Swiftly down and then further into the “wilderness” as evening calm drew on. Again pathless ground descending steep – thankfully bone dry – grassy slopes lead us on and on into the remote country beneath the shoulder of Stac a’ Chaorruiun and the West Ridge of Beinn Tarsuinn

Amid pleas for a campsite by certain team members a much welcome site on the tinder dry ground , of what would usually have been very boggy land., by the gentle sparkling stream of Allt Pollan na Muice was found very suitable

All was calm.

With trepidation that the “value” tent would be “at one” with the wilderness, camp was pitched. The chefs tucked into the kitchen duties with a gusto to produce a reasonably foul concoction of midge and pasta soup.

Wildcamp 01.JPG
The Campsite


The nearest suitable rock formed the bar and the forthcoming beer was exceedingly well received (having chilled in the stream) and was unquestionably well worth the carry.

Awesome surroundings!

An early night - the team snuggled down by 9.00 p.m. on the springy turf – and it did not take long before there were three soundly sleeping “explorers”




5.30 a.m. and bright morning light with clear skies inspired a lightweight 6.00 a.m. departure for Fisherfield Four and Mullach Coire Mhic Fhearchair.

The “Monarch of The Glen” supervised our early morning activities from a lofty vantage as we left camp and headed to the col between Beinn Tarsuinn and A’ Mhaighdean

Joes Pics 036.jpg
"Who are those creatures in my garden?"


On cresting the ridge overlooking Lochan Fada, the Slioch bastions in early morning light gave a great vista back towards Kinlochewe

Slioch from A' Mhaig.JPG
Early morning light on Slioch


The pathless early morning slog up the steep slopes of Beinn Tarsuinn was arduous and not enlivened by the increasingly glowering skies and descending clag. The early promise was dispelled as the tops were wreathed in cloud.
Spits of rain ….

Across the valley we watched as the summits of A’Mhaighdean and Ruadh Stac Mor were gradually engulfed

However, on reaching the crest of the west ridge of Beinn Tarsuinn the way was more defined (a path!) so a resolution was agreed upon where we would continue to the summit and then – if still enshrouded in mist – return to strike camp.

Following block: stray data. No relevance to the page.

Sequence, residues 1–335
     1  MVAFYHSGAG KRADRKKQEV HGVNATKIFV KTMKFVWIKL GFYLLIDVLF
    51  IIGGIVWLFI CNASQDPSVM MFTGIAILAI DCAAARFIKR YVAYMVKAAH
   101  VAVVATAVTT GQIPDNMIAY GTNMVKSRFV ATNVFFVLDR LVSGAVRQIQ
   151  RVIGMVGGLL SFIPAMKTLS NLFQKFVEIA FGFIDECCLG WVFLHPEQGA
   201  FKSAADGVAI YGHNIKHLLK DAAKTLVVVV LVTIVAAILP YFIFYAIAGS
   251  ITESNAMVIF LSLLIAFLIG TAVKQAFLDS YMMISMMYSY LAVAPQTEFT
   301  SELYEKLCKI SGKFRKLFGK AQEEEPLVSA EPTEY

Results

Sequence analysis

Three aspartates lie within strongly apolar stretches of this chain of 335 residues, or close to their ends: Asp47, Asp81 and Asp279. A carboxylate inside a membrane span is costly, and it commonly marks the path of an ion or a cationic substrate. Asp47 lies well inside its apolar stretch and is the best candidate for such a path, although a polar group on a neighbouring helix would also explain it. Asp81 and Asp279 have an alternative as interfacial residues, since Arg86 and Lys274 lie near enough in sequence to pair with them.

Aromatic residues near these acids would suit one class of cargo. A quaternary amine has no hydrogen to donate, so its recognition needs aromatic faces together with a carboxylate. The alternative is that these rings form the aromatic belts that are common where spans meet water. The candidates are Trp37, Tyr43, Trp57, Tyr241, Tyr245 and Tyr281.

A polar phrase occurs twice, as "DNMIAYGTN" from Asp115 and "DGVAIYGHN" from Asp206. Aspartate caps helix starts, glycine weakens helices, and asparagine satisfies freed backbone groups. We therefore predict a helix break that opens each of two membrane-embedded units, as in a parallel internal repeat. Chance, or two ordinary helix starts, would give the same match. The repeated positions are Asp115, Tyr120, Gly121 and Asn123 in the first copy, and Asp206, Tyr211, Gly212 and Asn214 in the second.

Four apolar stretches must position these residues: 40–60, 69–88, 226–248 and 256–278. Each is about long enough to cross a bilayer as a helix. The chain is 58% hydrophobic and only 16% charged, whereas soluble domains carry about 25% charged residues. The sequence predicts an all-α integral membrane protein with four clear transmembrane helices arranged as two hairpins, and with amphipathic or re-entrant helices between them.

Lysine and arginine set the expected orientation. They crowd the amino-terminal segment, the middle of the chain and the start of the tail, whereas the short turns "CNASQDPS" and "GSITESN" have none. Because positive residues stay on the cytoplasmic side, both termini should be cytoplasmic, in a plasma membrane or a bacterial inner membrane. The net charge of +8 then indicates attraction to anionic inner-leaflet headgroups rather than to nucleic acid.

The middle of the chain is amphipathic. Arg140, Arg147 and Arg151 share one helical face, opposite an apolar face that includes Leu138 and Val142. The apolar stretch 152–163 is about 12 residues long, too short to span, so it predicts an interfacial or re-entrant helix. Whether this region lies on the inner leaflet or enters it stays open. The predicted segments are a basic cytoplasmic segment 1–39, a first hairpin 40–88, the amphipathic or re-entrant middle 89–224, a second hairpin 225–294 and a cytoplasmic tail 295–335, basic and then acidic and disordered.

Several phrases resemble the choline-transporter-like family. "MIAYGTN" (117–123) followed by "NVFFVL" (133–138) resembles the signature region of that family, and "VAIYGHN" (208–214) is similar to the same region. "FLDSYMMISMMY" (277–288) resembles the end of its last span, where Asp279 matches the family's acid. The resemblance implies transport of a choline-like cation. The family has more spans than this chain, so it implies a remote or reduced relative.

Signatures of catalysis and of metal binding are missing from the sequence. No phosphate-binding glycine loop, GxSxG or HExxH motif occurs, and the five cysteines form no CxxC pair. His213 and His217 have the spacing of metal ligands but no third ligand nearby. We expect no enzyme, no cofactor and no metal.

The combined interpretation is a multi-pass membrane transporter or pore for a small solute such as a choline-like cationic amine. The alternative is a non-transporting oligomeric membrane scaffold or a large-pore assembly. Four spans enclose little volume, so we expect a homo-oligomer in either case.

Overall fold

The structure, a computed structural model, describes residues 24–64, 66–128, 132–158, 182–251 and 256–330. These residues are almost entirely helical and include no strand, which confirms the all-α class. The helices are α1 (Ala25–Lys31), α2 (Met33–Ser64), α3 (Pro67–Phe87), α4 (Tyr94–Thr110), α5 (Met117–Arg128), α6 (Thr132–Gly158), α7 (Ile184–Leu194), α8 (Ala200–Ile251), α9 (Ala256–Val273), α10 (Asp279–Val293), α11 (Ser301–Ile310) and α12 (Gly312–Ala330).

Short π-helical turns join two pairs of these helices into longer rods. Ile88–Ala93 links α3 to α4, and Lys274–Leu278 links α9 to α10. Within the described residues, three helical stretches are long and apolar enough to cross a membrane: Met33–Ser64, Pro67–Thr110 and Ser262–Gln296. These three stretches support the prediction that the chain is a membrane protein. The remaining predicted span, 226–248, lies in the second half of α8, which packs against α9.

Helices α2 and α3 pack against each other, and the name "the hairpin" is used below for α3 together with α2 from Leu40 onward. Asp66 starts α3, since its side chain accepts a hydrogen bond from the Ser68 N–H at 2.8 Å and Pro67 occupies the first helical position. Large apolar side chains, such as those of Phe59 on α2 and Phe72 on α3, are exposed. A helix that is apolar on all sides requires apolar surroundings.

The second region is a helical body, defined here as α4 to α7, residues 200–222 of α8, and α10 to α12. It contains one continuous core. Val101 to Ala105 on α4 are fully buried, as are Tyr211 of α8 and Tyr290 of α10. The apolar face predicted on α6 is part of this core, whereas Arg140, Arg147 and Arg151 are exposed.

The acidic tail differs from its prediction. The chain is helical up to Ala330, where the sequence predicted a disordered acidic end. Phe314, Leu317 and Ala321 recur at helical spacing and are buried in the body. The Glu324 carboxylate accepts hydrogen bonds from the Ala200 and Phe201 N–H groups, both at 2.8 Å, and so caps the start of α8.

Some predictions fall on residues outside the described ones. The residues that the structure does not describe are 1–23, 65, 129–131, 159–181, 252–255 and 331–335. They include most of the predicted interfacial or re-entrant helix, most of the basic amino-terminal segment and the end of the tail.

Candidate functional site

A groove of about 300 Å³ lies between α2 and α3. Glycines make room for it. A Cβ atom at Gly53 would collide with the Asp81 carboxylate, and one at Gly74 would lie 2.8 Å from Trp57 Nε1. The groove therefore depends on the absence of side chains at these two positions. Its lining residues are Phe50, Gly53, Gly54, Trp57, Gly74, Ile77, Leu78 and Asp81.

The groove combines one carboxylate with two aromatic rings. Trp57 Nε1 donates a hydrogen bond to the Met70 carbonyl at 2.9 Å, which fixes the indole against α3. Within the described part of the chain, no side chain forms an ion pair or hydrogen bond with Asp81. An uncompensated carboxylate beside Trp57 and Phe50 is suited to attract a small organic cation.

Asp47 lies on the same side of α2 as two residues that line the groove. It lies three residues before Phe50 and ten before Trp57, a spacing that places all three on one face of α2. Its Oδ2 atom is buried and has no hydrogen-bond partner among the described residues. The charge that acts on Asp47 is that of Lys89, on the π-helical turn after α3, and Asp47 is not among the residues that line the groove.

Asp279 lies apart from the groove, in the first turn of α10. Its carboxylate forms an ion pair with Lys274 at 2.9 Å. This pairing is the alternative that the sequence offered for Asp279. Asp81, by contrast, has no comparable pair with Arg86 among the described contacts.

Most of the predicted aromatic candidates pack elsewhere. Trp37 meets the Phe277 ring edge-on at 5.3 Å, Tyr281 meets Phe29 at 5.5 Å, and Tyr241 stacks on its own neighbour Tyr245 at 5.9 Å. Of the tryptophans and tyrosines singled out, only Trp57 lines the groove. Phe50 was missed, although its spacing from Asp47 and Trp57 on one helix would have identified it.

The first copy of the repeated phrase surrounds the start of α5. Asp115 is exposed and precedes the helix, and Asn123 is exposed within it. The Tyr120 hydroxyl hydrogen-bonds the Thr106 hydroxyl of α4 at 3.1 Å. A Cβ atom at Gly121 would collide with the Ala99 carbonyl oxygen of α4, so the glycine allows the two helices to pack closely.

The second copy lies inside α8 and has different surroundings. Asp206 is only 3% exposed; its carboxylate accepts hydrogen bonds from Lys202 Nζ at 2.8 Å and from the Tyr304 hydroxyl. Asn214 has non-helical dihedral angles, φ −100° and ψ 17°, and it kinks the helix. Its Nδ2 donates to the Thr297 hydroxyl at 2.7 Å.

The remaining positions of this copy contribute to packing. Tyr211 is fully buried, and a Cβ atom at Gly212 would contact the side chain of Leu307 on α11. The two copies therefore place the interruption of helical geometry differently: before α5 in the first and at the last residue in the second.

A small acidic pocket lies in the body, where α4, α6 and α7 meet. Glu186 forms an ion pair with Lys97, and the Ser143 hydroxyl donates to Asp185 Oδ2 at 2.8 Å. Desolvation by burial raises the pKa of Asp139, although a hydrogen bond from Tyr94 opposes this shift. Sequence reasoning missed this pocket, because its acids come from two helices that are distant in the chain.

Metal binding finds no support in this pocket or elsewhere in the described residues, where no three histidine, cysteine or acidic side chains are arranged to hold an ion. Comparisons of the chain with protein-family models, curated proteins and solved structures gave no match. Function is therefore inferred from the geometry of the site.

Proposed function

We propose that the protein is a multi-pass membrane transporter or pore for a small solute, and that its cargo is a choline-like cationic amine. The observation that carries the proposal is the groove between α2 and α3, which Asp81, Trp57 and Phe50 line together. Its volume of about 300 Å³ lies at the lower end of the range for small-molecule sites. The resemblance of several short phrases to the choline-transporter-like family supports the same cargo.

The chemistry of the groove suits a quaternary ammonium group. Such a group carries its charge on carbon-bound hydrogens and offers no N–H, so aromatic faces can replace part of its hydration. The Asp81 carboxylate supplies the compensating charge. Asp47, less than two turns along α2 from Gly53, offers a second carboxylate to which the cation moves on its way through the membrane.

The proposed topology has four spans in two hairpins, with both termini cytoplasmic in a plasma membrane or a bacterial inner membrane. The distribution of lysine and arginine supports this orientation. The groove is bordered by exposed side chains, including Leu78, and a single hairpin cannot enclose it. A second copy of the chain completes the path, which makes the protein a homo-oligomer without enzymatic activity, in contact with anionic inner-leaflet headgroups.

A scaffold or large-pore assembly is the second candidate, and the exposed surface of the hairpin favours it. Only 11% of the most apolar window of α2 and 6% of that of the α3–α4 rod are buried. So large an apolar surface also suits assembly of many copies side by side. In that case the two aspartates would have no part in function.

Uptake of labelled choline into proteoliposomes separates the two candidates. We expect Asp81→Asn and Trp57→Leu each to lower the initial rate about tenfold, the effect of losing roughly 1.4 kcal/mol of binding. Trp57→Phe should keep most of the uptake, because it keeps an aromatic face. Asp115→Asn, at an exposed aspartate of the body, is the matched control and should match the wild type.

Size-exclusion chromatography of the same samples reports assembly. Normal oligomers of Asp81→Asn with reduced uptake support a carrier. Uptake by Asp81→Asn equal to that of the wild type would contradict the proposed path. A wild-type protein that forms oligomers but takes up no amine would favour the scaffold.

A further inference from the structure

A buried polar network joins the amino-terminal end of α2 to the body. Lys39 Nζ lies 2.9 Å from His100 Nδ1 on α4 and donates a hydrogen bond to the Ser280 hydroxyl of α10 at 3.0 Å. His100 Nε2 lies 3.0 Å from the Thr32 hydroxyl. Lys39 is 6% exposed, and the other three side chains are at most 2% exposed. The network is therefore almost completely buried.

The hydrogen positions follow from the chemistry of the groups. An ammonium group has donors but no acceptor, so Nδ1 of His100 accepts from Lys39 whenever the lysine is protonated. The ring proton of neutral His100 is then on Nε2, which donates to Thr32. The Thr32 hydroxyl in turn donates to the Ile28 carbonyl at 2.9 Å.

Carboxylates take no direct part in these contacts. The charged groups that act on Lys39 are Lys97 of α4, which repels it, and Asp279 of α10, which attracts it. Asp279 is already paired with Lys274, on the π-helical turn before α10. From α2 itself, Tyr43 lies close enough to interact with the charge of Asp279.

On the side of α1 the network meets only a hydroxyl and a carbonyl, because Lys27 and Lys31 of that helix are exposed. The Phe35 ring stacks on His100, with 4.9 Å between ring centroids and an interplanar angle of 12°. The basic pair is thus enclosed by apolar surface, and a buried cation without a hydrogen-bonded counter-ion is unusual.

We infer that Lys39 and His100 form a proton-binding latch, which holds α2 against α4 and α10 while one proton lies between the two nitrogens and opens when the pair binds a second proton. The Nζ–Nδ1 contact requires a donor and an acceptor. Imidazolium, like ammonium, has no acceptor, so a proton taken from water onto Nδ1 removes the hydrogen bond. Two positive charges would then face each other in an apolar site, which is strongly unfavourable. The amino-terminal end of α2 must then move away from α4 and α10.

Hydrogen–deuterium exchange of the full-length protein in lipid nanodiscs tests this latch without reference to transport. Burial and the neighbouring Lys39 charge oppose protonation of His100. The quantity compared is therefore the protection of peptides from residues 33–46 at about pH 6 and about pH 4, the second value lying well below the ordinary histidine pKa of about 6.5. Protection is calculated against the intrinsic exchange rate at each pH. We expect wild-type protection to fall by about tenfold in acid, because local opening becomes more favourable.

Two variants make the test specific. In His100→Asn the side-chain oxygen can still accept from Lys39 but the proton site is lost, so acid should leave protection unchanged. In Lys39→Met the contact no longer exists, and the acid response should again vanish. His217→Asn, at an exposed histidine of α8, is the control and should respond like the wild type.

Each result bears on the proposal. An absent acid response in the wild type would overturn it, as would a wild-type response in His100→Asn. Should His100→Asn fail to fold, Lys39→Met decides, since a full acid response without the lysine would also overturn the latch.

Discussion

The “Tennis Court” presented a swirling misty playing surface and on arrival at the summit cairn visibility of 20 metres sealed the resolution and a return was beat to the encampment

Wild Camp View 02.JPG
Return to camp


A deftly struck camp and at 9.00 a.m.. the sacks were donned for the return to Poolewe

In brightening weather the saddle between Beinn Tarsuinn and A’Mhaighdean was re-gained and a grand vista over Lochan Fada to Slioch.
Steeply now in warm sunshine down to the lochside sandy beach and the wonderfully wild and scenic and pathless route along the loch, until the lower reaches of Gleann Tulacha were gained under the imposing ramparts of Beinn Lair

Slioch from shores of Loch Fada.JPG
Slioch from shores of Loch Fada
Joes Pics 038.jpg
Loch Fada


What a wonderful culture shock to not have man made paths to lead one on – just rely on natural instincts and route finding experience – and make sure you don’t break your leg in the boulders!

(We “dead ended” just once in all the day where we had to circle back 40 yards to avoid a bottomless bog)

True wilderness!

The long haul up Gleann Tulacha to the Bealach a Chuirn promised “civilization” at Carnmore.

View back down Loch Fada.JPG
View back down Loch Fada


In brightening blue sky and sunshine a path was finally gained and a timely lunch halt

Return View of A' Mhaig.JPG
Return view to A'Mhaighdean


Joes Pics 050.jpg
Return to Carnmore



Joes Pics 051.jpg
Return to Carnmore - lovely sunshine



Joes Pics 052.jpg
REturn to Carnmore 02


Then the long, long, long return – with sunburnt noses and aching feet – from Carnmore to much savoured and well deserved refreshment in the Poolewe Hotel

Poolewe Hotel 01.JPG
Poolewe Hotel


The rest of the country had suffered the downpours for the Diamond Jubilee Celebrations

But sometimes – just the odd time – you get lucky!

Gulf Stream? Climate change?

Our little corner of north west Scotland was glorious :D :D
(with a snowstorm thrown in for good fun!)




A fine effort from the team with big sacks over summit of A’Mhaighdean – “The Most Remote Munro”
:clap: :clap: :clap:


Perhaps a different approach to Mullach Coire Mhic Fhearchair next time.

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Comments: 1


John Hassall


Activity: Scrambler
Pub: Sligachan Hotel
Mountain: Ben Nevis
Place: Skye
Gear: Mera Peak Goretex Jacket
Member: None
Ideal day out: Cuillin Ridge!

Munros: 86
Corbetts: 1
Wainwrights: 57
Hewitts: 29



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Statistics

2011

Trips: 1
Distance: 57 km


Joined: Jun 12, 2012
Last visited: Dec 09, 2016
Total posts: 5 | Search posts